Looking into media economics

You hear the phrase “creative destruction” to explain what happens when old companies die and new ones are born. Technological changes speed such change. Companies fade when they stick to old forms — VHS and cassette tape, for example, or photographic film — while digital competitors thrive.

In news, the proliferation of free digital content has drawn viewers and revenue away from traditional print and television, causing major cutbacks as companies struggle to make money. Digital companies providing new types of services, like web searching, “aggregation” (digital content collections) and social media networks are attracting attention and money. Penelope Muse Abernathy at the University of North Carolina-Chapel Hill is one of the practical scholars writing on this issue.

Want to learn more? Some questions you could answer to get started:

Flashlight: Think of how you get your news. Do the people who provide it to you get paid to do so? If so, where do you think that money comes from? Is the advertising you see helpful or not? What is a “pay wall”?  Would you rather have free media paid for by advertising, like regular television, or pay for the media you want, like HBO?

Spotlight: Professor Robert Picard, media economics scholar and director of research at the Reuters Institute at the University of Oxford, argues in his blog that the news business needs to completely rethink itself. Does Picard think traditional companies can make it? How? Now look at the Media Management Center at Northwestern University and this blog on public media. Are they rethinking? Why or why not?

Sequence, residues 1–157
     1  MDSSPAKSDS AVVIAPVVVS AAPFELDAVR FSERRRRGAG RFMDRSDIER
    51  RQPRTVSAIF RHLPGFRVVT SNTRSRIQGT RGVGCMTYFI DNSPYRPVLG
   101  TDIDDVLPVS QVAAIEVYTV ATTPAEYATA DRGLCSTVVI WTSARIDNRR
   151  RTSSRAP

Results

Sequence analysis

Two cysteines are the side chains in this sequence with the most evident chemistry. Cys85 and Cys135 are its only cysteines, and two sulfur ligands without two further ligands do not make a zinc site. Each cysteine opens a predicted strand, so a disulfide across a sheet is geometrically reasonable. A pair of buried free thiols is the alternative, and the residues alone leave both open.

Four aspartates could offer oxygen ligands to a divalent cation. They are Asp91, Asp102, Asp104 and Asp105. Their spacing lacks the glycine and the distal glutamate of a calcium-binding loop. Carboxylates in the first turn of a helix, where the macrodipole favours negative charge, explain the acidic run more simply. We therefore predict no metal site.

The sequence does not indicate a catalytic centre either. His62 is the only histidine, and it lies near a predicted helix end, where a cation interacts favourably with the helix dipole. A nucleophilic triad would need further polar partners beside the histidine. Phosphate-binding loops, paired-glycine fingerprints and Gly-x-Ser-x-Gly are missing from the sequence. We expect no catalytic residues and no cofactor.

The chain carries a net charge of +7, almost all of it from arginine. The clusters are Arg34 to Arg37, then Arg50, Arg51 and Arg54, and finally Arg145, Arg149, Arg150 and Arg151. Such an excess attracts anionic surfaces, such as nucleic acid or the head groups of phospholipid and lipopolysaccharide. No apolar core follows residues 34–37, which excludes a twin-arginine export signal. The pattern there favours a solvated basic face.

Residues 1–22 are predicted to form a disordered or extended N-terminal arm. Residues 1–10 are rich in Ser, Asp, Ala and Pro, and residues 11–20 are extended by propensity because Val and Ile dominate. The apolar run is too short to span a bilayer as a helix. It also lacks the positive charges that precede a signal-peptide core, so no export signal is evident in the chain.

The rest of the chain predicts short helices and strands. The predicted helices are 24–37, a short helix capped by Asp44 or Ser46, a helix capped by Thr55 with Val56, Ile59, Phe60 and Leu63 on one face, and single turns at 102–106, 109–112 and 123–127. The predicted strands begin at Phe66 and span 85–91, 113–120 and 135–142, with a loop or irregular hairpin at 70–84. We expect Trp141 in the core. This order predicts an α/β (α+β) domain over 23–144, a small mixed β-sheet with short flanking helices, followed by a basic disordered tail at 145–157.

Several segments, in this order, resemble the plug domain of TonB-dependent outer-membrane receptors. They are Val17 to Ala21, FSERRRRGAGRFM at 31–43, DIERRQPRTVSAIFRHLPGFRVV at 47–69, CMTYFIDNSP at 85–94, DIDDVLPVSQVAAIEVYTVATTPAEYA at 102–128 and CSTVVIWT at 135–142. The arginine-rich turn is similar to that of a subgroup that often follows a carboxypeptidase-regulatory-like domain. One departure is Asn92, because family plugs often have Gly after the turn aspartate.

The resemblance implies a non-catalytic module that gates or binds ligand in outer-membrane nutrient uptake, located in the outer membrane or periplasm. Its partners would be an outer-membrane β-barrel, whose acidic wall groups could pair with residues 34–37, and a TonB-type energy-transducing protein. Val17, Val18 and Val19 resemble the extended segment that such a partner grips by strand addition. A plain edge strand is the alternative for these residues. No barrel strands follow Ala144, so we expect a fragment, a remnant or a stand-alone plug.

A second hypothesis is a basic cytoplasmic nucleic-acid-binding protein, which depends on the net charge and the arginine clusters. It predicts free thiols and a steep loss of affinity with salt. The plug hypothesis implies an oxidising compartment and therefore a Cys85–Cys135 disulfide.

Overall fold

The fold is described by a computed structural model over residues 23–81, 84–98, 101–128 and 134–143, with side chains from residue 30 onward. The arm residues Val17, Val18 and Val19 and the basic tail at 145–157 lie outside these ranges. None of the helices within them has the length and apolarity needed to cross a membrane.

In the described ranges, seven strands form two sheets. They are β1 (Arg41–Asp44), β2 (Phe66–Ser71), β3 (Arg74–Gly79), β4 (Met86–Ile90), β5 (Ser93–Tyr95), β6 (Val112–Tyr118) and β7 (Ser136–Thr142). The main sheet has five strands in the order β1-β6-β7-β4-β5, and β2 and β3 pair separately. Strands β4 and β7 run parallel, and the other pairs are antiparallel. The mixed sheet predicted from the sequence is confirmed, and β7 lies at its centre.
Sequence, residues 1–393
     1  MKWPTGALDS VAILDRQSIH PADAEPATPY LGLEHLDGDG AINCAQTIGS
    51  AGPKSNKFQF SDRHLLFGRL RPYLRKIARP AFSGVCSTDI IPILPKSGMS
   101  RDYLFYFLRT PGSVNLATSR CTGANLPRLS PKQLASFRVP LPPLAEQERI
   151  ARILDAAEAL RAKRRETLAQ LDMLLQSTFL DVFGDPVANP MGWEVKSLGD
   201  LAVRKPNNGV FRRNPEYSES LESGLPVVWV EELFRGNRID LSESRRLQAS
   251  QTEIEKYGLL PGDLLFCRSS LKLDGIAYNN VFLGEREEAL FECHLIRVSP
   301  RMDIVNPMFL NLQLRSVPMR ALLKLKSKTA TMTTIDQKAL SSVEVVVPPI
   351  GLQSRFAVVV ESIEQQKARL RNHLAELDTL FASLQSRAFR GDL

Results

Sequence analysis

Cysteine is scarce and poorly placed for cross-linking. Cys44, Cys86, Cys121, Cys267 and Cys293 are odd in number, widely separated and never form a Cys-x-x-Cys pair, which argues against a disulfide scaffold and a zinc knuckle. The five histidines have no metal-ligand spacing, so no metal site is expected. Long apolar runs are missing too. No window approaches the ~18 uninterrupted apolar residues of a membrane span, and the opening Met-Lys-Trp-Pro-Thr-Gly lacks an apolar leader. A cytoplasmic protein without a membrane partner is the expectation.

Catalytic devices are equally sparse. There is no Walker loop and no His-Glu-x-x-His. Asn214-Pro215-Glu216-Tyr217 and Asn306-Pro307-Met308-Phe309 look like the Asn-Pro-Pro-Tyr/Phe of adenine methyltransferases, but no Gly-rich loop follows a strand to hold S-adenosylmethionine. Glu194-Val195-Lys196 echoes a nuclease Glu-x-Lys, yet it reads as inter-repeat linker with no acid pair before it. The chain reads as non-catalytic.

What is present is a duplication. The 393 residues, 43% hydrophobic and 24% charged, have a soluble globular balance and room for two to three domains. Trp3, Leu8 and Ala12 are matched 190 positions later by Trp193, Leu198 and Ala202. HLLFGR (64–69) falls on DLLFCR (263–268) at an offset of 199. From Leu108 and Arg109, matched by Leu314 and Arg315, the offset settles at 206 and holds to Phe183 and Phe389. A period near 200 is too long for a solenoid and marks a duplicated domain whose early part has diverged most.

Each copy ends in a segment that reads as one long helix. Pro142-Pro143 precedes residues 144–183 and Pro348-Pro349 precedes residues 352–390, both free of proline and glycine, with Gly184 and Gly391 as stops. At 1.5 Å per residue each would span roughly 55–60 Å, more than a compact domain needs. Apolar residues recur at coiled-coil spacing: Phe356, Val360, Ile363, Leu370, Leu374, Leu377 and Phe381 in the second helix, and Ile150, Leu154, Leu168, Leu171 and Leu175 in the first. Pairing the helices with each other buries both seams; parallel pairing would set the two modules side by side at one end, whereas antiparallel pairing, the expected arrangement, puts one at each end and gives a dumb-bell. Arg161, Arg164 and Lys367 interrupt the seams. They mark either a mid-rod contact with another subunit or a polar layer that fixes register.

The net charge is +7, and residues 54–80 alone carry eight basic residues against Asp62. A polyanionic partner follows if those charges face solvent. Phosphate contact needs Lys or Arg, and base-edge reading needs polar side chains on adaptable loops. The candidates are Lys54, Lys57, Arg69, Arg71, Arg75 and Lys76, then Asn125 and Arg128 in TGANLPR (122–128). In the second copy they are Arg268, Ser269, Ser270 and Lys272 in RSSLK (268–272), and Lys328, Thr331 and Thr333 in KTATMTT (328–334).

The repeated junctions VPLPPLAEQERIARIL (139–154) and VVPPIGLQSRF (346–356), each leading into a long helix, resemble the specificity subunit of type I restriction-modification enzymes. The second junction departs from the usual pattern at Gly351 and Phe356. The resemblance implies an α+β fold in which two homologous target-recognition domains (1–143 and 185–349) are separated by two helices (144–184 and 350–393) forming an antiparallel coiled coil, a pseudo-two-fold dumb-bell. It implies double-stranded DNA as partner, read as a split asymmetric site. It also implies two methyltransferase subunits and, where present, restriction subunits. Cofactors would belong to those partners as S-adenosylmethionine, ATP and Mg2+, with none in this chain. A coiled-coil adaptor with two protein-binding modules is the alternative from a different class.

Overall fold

Searchlight: Have students review one or more of the articles below and write a paper on their own views of the old business model of news and why it is no longer working as it once did.

Skoler, M. (2009). Why the news media became irrelevant — and how social media can help. Nieman Reports, 63(3), 38. The end of mass media’s monopoly on news and information distribution and how it is changing the culture of journalism, creating a greater need for trust and added value.

Pauwels, K., & Weiss, A. (2008). Moving from free to fee: how online firms market to change their business model successfully. Journal of Marketing, 72(3), 14-31. The challenge and tradeoffs of moving from free to “free & fee.”

Meyer, P. (2004). The influence model and newspaper business. Newspaper Research Journal, 25(1), 66-83. How content quality increases societal influence, focusing on 26 cities where John S. and James L. Knight operated newspapers.

Feng, H., Froud, J., Johal, S., Haslam, C., & Williams, K. (2001). A new business model? The capital market and the new economy. Economy and Society, 30(4), 467-503. Shows the pressure to produce profit, even in digital media businesses.